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January 30, 1991     The Sun Paper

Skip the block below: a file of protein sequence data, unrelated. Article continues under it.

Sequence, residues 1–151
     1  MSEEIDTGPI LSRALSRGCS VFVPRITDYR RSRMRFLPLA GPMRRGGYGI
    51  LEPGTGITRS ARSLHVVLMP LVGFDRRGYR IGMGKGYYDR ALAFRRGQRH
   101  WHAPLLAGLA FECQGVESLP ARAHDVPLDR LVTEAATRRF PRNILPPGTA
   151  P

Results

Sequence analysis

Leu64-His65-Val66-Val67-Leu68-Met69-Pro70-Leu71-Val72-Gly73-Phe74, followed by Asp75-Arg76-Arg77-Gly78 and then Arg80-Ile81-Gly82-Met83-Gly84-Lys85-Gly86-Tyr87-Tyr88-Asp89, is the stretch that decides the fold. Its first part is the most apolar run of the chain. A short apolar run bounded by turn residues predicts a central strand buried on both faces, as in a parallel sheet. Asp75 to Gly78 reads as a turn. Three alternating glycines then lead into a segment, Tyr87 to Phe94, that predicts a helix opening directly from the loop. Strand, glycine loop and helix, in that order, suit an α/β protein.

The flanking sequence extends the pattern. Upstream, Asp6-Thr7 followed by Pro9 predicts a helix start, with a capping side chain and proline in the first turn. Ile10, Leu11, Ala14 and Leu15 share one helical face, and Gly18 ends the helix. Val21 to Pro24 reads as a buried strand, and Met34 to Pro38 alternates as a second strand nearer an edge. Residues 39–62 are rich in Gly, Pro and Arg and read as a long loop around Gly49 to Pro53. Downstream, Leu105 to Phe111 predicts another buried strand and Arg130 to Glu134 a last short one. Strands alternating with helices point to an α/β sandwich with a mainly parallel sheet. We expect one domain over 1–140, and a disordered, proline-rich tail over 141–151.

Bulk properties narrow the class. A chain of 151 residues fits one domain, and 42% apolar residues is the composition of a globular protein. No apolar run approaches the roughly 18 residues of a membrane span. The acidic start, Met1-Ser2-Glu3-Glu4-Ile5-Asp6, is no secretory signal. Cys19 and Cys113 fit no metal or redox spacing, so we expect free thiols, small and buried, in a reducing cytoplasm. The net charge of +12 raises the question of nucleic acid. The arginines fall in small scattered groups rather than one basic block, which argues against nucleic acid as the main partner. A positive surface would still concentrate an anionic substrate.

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2"rheSun. Weane.y. Januan/.1991 PINION Prison problem The cartoon at the right pokes some fun about the latest federal prison inmate who walked away from the minimum-security camp a few weeks ago. The inmate knocked on a few doors in a Sheridan residential area before finally being brought back home: To counter the bad publicity, Bureau officials plan to make a public relations blitz in the next few weeks. They want people to know the kind of inmates who are staying at the minimum-security camp and why they don't pose a threat to life and limb. They also want people to know that they make several head counts every day of inmates to make sure nobody is loose--or if they are that they haven't been gone for long. As they deliver their talks to service clubs in the community Bureau officials will probably be asked if they can require inmates to wear uniforms that clearly identify them as convicts. They probably will also be asked if anything more is being done at the prison camp to decrease the risk of escapes. In the meanwhile, it's unlikely that local residents will want to wear khaki slacks or coats around town until things settle down at the prison camp.--G.R. LETYERS .... ] ............................... UNHOLY ALLIANCE Among the various reasons George Bush is giving to justify his war with Saddam Hussein is that Saddam is, as Barbara Bush puts it, a "terrible man." George Bush himself made that a focus point in a TV interview with David Frost (Jan. 2) and quoted Amnesty Interna- tional (A.I.) to drive the message home. After all most people around the world have a lot of respect for A.I.'s integrity and credibility. As I pointed out in my letter of two weeks ago, George Bush is very selective in whose naked aggression he finds offensive. Likewise he is very selective in whose human tights abuses he finds objectionable. Syria, having accepted the U.S. arrangement allowing it to, in fact annex parts of Lebanon is now an anti-Saddam coalition member in good standing. According to A.I. "routine torture" in that country by Syrian authorities includes electric shock, beatings (sometimes with metal cables) water immersion and bondage. The A.I. report coveting the last part of 1990 notes that both Kuwaiti and Saudi Arabian authorities have engaged in torture. Another A.I. report "Torture in the Eighties" gives some truly repulsive methods of torture by another anli-Saddam alliance member in good standingm namely Turkey. This report of the 1980s also has a section on torture in Egypt, which became a consent- ing partner in the alliance when the U.S. forgave their multibillion dollar debt. Americans need not only to be aware of George Bush's very, very selective reading of Amnesty Inter- national  reports, but to also ask themselves if any good can come from this unholy alliance that our president has forged. Fritz Mishler, Willamina WAR OR PEACE? The question of war or peace in the Middle East is now moot, but there am some issues that still need to be addressed. Our consumption of oil is irrele- vant. We in the U.S. could be self-sufficient; we would still be fighting. Oil is vital to the rest of the world; under Saddam's control sup- ply or denial could reward friends and punish enemies, and the wealth from its sale furnish the sinews for more wars. Nor are sanctions salvation. As a relief worker in Ethiopia observed, "'I never saw a starving soldier." The brunt falls on non-combatants, made worse by Arab custom of the women and children eating what the men leave. Furthermore, Saddam Hussein has a high toleration of pain inflicted on his subjects; he does a great deal that way himself. Their sufferings would not move him, assuming they actually suffer; Iraq is practically surrounded by people who have practiced smuggling. Iran dislikes lmq but loathes the West; it could easily sell Iraqi oil as Iranian and use the money to purchase whatever Iraq wanted, while main- raining the appearance of enforce- ment and neutrality. The longer sanctions are tried, the more oppor- tanity for leaks. The Palestinian issue is a red herring. It would not exist if the other Arab states had been willing to receive those Palestinians who wished to emigrate or were refugees, but they have consistentlyNaud cynically--refused, pmfcning to keep the Palestinians wreehed and oppressed as a lever against Israel. The conquest of Kuwait had no more to do with Palestine than the attack on Iran. However, the case is illustrative. No one has given Israel powerful reasons for changing its behavior; so it has not changed. The use of some sort of force, and the threat of and belief in its use, are a legitimate part in negotiations; indeed, lacking it, diplomacy is often as meaningless as legislation without enforcement. Which is not to condone the idea that someone who wants something may just up and grab iL (Nor, having grabbed it, should he be allowed to "negotiate" a "solution" that gives him more than he would have gotten by negotiating instead of grabbing. But that is a side issue.) That being so, keeping an army of draftees for the express purpose of preventing us from going to war could well prove counter- productive; aggressors would be emholdened by our impotence, while our society would be further weakened by resentment of the injustices of conscription. Remem- ber the draft as it was, lower-income draftees in the lower ranks of college students with deferments or ROTC training, and all the other disloca- tions? It may seem unfair that top CEOs and Congressmen have almost no children in the services, but top CEOs and Congressmen tend to be between 50 and 70, and so rather unlikely to have children of the usual service age. (A historical odd- ity; as a role, the governing classes who made war provided a good proportion of the army that fought iL) Should our young people die for Kuwait? No one died for Danzigm but in the end a lot more people were killed because the Germans were not stopped early. We may buy "peace now" as an earlier genera- tion did "peace in our time" only to discover that it was only a tempo- rary loan with horrendously high interest. Should we wait and negotiate while the sanctions shred, while our present allies are fow.l to appease the new power in the region, while Saddam adds nuclear to chemical and biological weapons, while his ballistic missiles are upgraded to intercontinental ones? "Blessed are the peacemakers," yes, but the Bible also comments on those who say "peace, peace" when there is no peace. Jennifer Mueiler, Wiilamina THE WAR OF 1991 At 4 p.m. Wednesday, Jan. 16, 1991 a war started between Iraq and the U.N. The reason the war started was because Saddam Hussein refused to leave Kuwait. The U.N. doesn't feel that's tight. One coun- try shouldn't take over another just because they want to. Another reason was because Iraq is rich in gasoline. If nobody does anything about it the oil prices will go up. Some people won't be able to pay for it. He would be making nuclear weapons and could destroy the U.N. I don't think Saddam should even be president, but it's not up to me. If I were him I would get out of Kuwait because I wouldn't want to start a war. Shannon Boatwright Willamina Elementary School (This essay was written by Shannon Boatwright, 9, a Willa- mina 4th grader. K00AKI 5L.ACK5 To hOO00WILb r Itt I :/. ///. :/ / %j:" .... I 1 Li Homespun Humor i Oh, the joys of lambing season! By Linda Fink My sheep are doing their best to keep my mind off the world situa- tion. They are lambing all over the place. They should be lambing in the jugs (lambing pens) but they decided to come all at once, as usual. Over and over I've explained to my ewes that I only have four jugs and they must take turns. Do they listen? No. Ideally, each ewe gets to stay in the jug for three days after her lambs are born. By that time, the lambs know who mom is and the ewes know who their babies are. At least that's the theory. Some babies either never figure it out or don't care. They'll nurse from anything that stands still. Fortunately, the calf that runs with the sheep is very gentle and doesn't mind having lambs sucking the hair on his legs. Our guard dog doesn't mind, either. In fact, Anna loves the atten- tion the lambs give her. She waits expectantly outside a jug while I dock mils and tag ears, then wel- comes the new arrivals to her flock by licking them from head to hoof all the while wagging her tail joy- ously. My ewes are accustomed to this strange sheep-sized dog so they don't protest very much when she mothers their lambs. Before we acquired Anna four years ago, coyotes took at least one fourth of our lamb crop every year. We have not lost a single lamb to predators since. I suspect we've lost the attentions of a few salesmen, however, as Anna occasionally leaves her flock to "welcome" guests. Even though she's friendly, many people seem reluctant to leave their cars while a hundred pound dog is nose to glass outside their car window. Thanks to Anna, we dm't see predators here anymore, but some of our neighbors still do. During the super cold spell this winter, one elderly neighbor called and said, "Could you come up and chase this bear away? I'm afraid to go out and get the mail." We grabbed the camera and tom up to her house, but the bear had left. We did find its prints and claw marks in the snow all around a car in her yard. Johnny thinks the bear's hibernation spot wasn't warm enough. It woke up, found the car and tried to get in to mm on the heater. My favorite dog/bear/coyote/el cetera story comes from a wonder- ful book I took out of the Willamina library a few weeks ago (and will return, hbnest, I didn't realize it was overdue) called Conversations with Pioneer Women. The "conversa- tions" are interviews made by Ore- gon's pioneer newspaperman Fred Lockley around the turn of the century with Oregon's pioneer women. Mary Emma Marquam Kelly tells of an experience she had as "a little tot going to school". Mrs. Kelly was born in 1854 in Portland. I was carrying our lunch in a basket, while Gus and Will were riding stick horses. As we went along the trail we met a big brown dog. It came up to us and sniffed at us. Gus hit him with the stick he had been riding, and said, "Get out of our way, you big ugly dog/" "It jumped to one side and made a funny face at Gus. I felt sorry for it, so I walked up to it and patted it on the head. As I patted it, it made bread with its paws, like a cat does, and purred as loud as a coffee mill. I said, "Why, it's a cat." Gus laughed and said, "It's a dog. Did you ever hear of a cat as big as that?" "It wanted to smell the lunch I was carrying, and kept putting its nose into the basket. I had to hold the basket over my head, and it reached up and the bottom of the basket v nose. Suddenly it its head up, listened, then gave a sudden jumP i on a snag, and ran up of a fallen tree, where look in all directions, lt i from the tree to the disappeared, and a Albert Kelly, Silas Kelly, son and their little met us on the trail. "We met a big brown I said, "It wasn't a a big cat." Mr. Kelly told us to the tracks of the cat. We i him where it had around us, and where it its claws in and out "making bread", They had guns and started after it. Mr. "That is the I have seen for a Thank God that nearly a quartsr that was hanging in my you children wouldn't tell about patting it head." I guess the moral of this jug your lambs and cougars well fed. EMMA SETH However does one commit a life- time of love and devotion to words?. How can one translate the essence of a .dear friend who lived one hundred years, to sentences which will recapture a very beautiful and beloved lady?. TO do Emma Seth justice is an almost impossible task. Thoughts, images and memories flash like lightening through my mind. I see Emma as calm, serene and delightful, content to be 100 years old and seeing so many of the people whom she had started on the journey to adulthood in her class- rooms. She lookedwith loving eyes at their children and a bit of nostal- gia crept into her manner. No real teacher wants her days of service to children to end. Emma Seth was love personified. Every child was a gift' a treasure entrusted to her care and guidance. Each one was fragile, out in the world for the first time when she taught fLrSt grade. Each step had to be carefully taken. She taught with skill and disciplined with compassion. Emma laughed with children, cried with the ones who hurt, and supplied the physical needs of some who were less fortunate. But always there was that special quality of love which was Emma Seth. I try to imagine what it must haw been like to have taught all of the grades in one room. It boggles my mind, It is testimony to the strong pioneer heritage which Emma Rid- geway Seth possessed that she not only managed this task well but took great joy in the experience. In her memories of 37 years of teach- ing she recalled with humor chopp- ing the wood for the stove in the classroom, bringing in water, doing all the janitorial tasks, to say nothing of the pranks kids can put together. All of these things she did lov- ingly, and for $45 a month. At one period in her life, when she was married, she was barred from the profession as were all who were married women. These were tough depression times. Fortunately that didn't last. A war took the men out of the classrooms. The true story of Emma Seth was written in the success of hundreds and hundreds of men and women who this day salute her with love and gratitude for her influence upon their lives and the fives of their children. I, too, am indebted to Emma for the love and knowledge she gave my children and the very wise counsel she gave to me as we shared thoughts from time to time. I would like to end with part of the poem she wrote about her years of teaching. "Your spirit bows in thankfulness. For the privileges you have had, How many little children, Have helped make your life gladt May God strengthen and direct All those who work with human clay, With mothers, fathers, teachers, preachers, And guide them all the way." Fern Eberhart, - Sheridan FOR THE RECORD I was not happy with the handling of a recent misD'int in your paper. In your Jan. 16 issue you reviewed the Sheridan school district board meeting. In that article you erron- eously stated that MicheUe LaRue had been granted maternity leave. We, at school here had a few good laughs about it, but to those parents and readers who don't know the whole story and only know Ms. LaRue is single, it was no laughing matter. Some of the conversations regarding Ms. LaRue in the com- munity have been less than compli- mentary. Now, we all make mistakes, but your acknowledgement of this mis- take was ridiculous and in no way helped clear up the misconception. I was the person granted mater- nity leave, which you stated in your correction hidden on the sixth page of your Jan. 23 issue. Where was the mention that Michelle the one mistakenly By the way you it would seem you have people continue Ms. LaRue had asked leave. Your correction front page and bold talking someones TO set the record LaRue is not not asked for name was accidentally article instead of mine. Sarah J. Sheridan Letters Got a gripe? Or a cam Or would you simply like thoughts on a particular welcomes your letters to the Send letters for The Sun, P.O Box 68, 97378. THIE O I ,, III IIIII I II I 71--- George Robertson EDITOR and PUBUsHER POSTAL NOTICE: Published weekly by The Sun, 249 S. Sheridan, OR 97378. Second class postage paid at Sheridan, SUBSCRIPTION RATES (one year): Sheridan, Willamina Ronda postal addresses, $19.00; all other U.S. postal DEADLINES: Noon Fdday - Letter to Editor, Society and releases, general. 5 p.m. Friday - Legal Notices, Display. Noon Classified Ads, Classified Display. Phone number (503) POSTMASTER: Send address changes to The Sun, Re. Sheridan, OR 97378.